By Todd Horwitz 

Google Profit Drops

Quarterly results from Google showed the complexity of operating its internet empire, as steady growth in online advertising sales was overshadowed by rising costs and a weak performance from some long-held company investments. The mixed outcome for the third quarter adds to a tricky dance Google must execute as it faces regulatory scrutiny.

Analysts and investors are encouraging the company to plow ahead on new advertising opportunities in units like video platform YouTube and the ubiquitous Google Maps app. Yet such efforts to create new profits across the conglomerate come as the Trump administration and 50 attorneys general undertake wide probes into Google, including whether it has an unfair advantage over smaller advertising rivals.

For the last few years, Google has worked to reduce its reliance on advertising dollars. It has invested in wooing corporate customers to its cloud computing services, branched into hardware with new smartphones, smart speakers and computers, and has continued to plow money into so-called moonshot investments like self-driving cars and cellular connectivity from hot-air balloons.

To build out these new businesses, Google is spending heavily to hire employees, invest in data centers and pay for marketing of new products like its Pixel smartphones. Those investments have not yet paid off. Google Cloud is growing rapidly, but remains behind Amazon and Microsoft and it is unclear whether the business is profitable. Google’s smartphones are an afterthought to Apple and Samsung. The most notable financial gains from Alphabet’s moonshot investments — which it calls “Other Bets” — are that they aren’t burning as much money as before.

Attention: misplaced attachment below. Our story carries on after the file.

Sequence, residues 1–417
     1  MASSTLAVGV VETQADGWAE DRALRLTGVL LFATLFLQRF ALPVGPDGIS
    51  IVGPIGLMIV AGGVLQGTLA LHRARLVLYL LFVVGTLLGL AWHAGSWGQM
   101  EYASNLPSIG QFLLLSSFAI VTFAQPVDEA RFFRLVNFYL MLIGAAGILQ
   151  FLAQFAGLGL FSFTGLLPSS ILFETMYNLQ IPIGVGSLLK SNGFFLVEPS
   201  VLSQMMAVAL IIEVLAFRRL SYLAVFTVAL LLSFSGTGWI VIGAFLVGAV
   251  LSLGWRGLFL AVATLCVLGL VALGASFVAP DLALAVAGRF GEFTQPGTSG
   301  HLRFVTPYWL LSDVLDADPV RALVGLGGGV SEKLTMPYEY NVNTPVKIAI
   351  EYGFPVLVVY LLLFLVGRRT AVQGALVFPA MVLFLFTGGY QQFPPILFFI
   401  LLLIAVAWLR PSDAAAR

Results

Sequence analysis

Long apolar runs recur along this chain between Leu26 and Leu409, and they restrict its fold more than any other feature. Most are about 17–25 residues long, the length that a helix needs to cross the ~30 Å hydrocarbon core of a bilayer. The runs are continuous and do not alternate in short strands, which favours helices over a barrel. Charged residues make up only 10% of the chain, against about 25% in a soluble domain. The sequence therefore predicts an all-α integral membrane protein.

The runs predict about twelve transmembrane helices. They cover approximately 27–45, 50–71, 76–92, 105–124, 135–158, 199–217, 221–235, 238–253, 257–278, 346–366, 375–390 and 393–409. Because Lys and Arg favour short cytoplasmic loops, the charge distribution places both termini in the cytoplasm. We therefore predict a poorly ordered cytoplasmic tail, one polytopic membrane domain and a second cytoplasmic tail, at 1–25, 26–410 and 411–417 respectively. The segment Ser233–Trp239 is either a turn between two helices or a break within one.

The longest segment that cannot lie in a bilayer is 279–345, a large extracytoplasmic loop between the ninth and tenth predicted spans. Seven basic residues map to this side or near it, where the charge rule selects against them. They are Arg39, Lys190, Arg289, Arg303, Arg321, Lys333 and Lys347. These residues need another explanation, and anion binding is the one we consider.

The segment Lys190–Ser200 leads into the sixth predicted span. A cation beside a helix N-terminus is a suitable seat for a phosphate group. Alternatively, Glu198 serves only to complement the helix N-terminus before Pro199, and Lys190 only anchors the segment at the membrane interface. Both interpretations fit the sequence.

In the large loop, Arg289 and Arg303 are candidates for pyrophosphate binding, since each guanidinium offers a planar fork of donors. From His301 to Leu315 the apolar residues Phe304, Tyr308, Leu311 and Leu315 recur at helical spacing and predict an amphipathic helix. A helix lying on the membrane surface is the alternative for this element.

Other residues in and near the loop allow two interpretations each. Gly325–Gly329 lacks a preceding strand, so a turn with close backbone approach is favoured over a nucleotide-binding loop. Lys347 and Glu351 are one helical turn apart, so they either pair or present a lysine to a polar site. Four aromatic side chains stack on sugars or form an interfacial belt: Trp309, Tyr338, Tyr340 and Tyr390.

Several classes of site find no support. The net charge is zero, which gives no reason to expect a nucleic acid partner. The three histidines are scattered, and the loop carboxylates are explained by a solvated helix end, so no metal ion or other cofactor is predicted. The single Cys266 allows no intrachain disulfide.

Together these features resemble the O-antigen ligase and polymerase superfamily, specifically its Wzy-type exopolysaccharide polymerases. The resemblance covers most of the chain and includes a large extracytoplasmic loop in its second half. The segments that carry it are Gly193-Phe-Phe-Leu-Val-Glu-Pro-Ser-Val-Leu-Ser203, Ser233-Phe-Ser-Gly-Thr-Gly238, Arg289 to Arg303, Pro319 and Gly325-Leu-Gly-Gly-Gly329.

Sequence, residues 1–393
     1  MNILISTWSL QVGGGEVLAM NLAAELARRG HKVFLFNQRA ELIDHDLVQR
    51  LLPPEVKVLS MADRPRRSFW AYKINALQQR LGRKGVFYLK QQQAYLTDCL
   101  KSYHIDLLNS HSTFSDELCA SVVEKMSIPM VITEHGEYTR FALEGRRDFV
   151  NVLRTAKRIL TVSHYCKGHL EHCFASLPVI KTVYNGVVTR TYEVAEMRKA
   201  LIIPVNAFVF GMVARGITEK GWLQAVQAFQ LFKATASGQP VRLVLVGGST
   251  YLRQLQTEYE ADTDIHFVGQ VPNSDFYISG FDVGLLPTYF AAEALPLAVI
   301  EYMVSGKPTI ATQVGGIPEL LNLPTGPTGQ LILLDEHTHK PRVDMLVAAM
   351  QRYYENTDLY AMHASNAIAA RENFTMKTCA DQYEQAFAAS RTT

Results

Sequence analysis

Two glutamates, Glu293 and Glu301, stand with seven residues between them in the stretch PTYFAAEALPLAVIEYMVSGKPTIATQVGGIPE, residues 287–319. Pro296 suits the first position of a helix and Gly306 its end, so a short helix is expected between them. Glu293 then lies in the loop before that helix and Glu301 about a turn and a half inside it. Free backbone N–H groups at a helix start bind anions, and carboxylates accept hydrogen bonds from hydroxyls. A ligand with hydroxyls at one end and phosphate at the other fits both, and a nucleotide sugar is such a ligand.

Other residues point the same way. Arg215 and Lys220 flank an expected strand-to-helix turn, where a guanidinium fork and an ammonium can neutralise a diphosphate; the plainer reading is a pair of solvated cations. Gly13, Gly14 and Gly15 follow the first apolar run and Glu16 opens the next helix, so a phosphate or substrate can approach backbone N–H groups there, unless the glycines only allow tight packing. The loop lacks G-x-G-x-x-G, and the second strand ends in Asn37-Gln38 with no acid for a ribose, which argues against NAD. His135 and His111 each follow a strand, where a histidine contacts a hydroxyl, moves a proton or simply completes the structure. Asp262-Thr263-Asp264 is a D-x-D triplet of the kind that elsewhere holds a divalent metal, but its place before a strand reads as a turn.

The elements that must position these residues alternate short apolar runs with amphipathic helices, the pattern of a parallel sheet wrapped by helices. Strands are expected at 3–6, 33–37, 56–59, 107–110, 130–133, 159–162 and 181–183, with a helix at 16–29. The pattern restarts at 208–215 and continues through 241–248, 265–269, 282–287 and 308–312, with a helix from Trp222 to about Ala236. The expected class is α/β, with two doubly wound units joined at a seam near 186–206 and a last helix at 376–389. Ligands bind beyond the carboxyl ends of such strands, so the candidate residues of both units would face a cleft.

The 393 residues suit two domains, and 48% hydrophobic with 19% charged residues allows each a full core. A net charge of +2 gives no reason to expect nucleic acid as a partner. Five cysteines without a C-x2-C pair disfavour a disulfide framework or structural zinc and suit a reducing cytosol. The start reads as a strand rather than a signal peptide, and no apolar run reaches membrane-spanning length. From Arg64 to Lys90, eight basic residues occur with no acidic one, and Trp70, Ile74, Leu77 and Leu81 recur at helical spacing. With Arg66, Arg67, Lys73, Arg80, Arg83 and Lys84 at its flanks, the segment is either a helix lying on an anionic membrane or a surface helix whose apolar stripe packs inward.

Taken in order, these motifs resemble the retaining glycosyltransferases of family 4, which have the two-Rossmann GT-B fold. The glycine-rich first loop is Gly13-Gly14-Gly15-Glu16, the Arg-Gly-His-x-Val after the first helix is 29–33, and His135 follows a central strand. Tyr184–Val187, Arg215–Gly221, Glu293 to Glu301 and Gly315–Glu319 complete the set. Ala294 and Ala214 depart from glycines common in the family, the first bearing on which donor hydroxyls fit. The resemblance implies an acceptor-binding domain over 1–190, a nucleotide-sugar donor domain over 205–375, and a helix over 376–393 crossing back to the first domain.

Google’s parent, Alphabet Inc., reported third-quarter revenue of $40.5 billion, a rise of 20% from the same period last year. While that would be enviable growth for many companies, the clip is below Google’s pace historically.

Advertising revenue rose to a record $33.9 billion, contributing to an overall profit of $7.1 billion. That profit was lower than Wall Street’s expectations and down 23% from a year earlier, when the result was boosted by changes to the U.S. tax code. The company’s margin for the latest period was also crimped as costs rose, a long-term concern for investors.

Google said the latest quarter was another busy time for adding “Nooglers,” or New Googlers. It hired 6,450 full-timers, swelling that head count to 114,096. Alphabet’s stock fell 2% after hours, wiping out gains from Monday’s regular session, when it rose to $1,290. Shares have gained roughly 25% this year, in line with the broader technology market.

Todd “Bubba” Horwitz